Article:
I read up on foods that helped to avoid glucose spikes, and how to combine certain foods, but then I would still eat an ice cream, or say yes to that bar of chocolate that the Hubster bought home. 75% of the time I would make a real effort, but the rest of the time was not great.
But finally this week I have been forced to address a harsh reality. I need to try harder. I caught the mega cold – the post pandemic cold that is 10 times worse because we’ve all failed to gain any cold virus antibodies over the last couple of years. In additional to the cold, my Ulcerative Colitis has returned and my menopause symptoms have made an unwelcome reappearance.
I’m feeling dreadful!
My body has thrown everything at me in an attempt to make my head listen, so I think it’s about time I paid attention. My enthusiasm is at an all time low right now but I can’t ignore it any longer. This time though I don’t think I can do it alone. For reasons that I can’t quite understand, I am lacking the drive to push forward with sustainable and consistent change. My driver is that I simply don’t want to feel like this, and I want to live a healthy, active & long life. Yet that in itself is failing to inspire me.
I had always hoped that I had inherited the longevity gene from my mothers mums side of the family. My nan lived a healthy life to 103, and her parents lived well into their 90’s. But sadly I’ve had to come to terms with the fact that genetic diabetes, heart attacks and strokes come from my fathers side, and it’s possible that I might have inherited his health genes instead. In 55 years, this is not a possibility that I ever really considered, as I had always said that I planned on living until I was 125 – assuming there would be a lot of medical advances in my lifetime to make that kind of lifespan a possibility. Until recently I was convinced I was less than half way through, but now my body is screaming at me that without changes, my time will be much shorter.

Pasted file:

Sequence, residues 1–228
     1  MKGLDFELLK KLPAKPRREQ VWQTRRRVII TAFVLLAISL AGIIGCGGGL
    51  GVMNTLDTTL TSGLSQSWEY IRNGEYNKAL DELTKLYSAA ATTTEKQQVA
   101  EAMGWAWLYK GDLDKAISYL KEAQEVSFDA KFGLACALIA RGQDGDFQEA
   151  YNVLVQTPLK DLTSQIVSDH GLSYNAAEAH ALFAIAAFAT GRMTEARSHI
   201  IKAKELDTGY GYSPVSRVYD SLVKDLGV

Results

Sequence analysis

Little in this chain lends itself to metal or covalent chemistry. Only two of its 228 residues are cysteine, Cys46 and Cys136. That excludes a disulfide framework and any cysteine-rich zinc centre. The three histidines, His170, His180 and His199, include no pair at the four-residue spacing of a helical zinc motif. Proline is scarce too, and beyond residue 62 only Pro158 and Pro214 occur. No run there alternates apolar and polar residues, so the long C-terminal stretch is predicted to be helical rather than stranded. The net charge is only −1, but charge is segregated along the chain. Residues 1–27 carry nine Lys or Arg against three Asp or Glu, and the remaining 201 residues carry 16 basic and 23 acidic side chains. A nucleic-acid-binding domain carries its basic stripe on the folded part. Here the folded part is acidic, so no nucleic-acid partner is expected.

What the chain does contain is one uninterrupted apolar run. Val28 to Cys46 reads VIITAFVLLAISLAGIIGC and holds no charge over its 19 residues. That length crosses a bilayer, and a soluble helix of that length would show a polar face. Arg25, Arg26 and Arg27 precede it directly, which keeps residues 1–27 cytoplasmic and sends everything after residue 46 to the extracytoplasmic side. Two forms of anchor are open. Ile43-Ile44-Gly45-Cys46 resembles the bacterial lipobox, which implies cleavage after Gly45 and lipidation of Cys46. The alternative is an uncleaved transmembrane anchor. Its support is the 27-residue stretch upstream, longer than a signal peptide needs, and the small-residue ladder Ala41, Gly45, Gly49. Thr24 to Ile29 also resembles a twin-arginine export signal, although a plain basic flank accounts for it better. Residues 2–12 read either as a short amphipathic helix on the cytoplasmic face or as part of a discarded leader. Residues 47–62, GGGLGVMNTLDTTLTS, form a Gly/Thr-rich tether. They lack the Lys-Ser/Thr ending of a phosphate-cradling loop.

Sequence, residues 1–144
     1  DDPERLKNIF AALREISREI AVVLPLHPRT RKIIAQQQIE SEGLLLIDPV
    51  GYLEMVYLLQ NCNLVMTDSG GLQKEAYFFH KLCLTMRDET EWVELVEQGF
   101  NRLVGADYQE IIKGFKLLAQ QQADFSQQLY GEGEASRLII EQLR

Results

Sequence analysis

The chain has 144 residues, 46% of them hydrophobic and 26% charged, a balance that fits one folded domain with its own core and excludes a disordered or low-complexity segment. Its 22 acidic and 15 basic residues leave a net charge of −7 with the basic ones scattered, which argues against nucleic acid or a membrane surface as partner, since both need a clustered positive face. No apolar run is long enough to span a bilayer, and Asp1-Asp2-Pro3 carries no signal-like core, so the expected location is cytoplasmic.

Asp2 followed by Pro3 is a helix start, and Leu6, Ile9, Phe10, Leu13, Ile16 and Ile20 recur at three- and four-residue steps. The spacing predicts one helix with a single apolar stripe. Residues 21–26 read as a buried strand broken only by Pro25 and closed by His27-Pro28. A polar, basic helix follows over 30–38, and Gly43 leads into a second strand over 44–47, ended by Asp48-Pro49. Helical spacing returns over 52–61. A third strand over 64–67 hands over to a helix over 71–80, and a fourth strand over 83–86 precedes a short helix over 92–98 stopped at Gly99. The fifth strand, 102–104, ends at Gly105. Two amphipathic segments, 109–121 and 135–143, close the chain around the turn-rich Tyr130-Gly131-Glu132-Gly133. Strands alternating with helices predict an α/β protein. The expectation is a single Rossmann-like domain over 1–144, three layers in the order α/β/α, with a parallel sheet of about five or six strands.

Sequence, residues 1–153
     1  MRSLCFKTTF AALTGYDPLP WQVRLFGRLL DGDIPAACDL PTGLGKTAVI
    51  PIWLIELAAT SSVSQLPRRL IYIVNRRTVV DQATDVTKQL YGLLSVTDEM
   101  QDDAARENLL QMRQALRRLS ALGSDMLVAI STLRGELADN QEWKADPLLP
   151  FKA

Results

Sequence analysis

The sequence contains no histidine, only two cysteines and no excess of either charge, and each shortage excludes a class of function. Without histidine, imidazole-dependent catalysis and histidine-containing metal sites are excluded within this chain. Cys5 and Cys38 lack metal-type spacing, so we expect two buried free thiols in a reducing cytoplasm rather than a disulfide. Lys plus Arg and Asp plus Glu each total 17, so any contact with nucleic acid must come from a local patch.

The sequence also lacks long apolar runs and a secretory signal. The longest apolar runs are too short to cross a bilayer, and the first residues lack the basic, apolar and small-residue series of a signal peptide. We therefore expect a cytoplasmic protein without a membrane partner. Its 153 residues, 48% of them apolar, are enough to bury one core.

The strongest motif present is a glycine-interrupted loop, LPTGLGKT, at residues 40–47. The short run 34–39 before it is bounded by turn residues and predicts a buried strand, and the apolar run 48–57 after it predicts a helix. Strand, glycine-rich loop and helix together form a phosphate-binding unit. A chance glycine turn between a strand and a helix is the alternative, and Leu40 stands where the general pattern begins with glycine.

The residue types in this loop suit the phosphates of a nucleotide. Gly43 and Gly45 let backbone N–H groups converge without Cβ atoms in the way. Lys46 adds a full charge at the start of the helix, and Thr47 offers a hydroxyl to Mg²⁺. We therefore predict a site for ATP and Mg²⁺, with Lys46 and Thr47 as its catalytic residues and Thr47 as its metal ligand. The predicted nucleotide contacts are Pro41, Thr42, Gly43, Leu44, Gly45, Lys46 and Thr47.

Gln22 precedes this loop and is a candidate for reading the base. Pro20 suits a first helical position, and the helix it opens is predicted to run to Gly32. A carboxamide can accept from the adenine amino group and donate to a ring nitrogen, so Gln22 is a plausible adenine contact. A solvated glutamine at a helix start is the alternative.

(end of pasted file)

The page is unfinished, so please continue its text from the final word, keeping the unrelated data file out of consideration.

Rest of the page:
Time to take action
Although my diet is mostly fairly healthy I think it needs a radical overhaul. It needs to be built around an anti-inflammatory core, which will help to address both my Ulcerative Colitis, and blood glucose issues. We eat mostly a plant based, with fish diet at home, but still need to make substitutes. Ulcerative Colitis is both an inflammatory bowel disease, and an auto-immune disease. so by addressing some of the underlying causes through improvements to diet & exercise, it will help with my weight management and blood glucose levels too. I need the Hubster to be on board with this, and be willing to come on this journey with me, rather than just do his own thing. It might be quite a hard sell, but I’m know I’ll have more chance of success if we take the journey together.
It’s going to be a long road ahead, and it will be difficult to change some of our habits, but if I’m to regain my energy and get my health back on track it has to be now. My body has spoken loud and clear, I need to start looking after me properly.
Can you relate?
I don’t just write all this so that readers feel sorry for me. Instead I write so that others like me don’t ignore the signs that their bodies are communicating. We’d all like to think we are invincible, and that if we eat well, and stay fit, nothing bad can happen. Certainly that is a formula that can help. But the reality is, sometimes our genetics have a huge part to play and all we are able to do is respond and lessen their impact. It’s not inevitable that I’ll get diabetes, have a heart attack or a stroke, but by being aware now that there is a likelihood of a genetic predisposition, I know that I’ll not be able to take good health for granted. I know that I’ll have to work harder to reduce the risks.
Do you know your family health history?
Do you go to your routine health checks?
Do you take it seriously when you are told you are at risk of a future illness?
I now understand that it IS better to know, than to be blissfully unaware, because I now have a chance to improve my outcomes. It will just take a bit of hard work to develop my new habits, and then life can return to an adjusted normal. A life free of illness has to be worth the effort doesn’t it?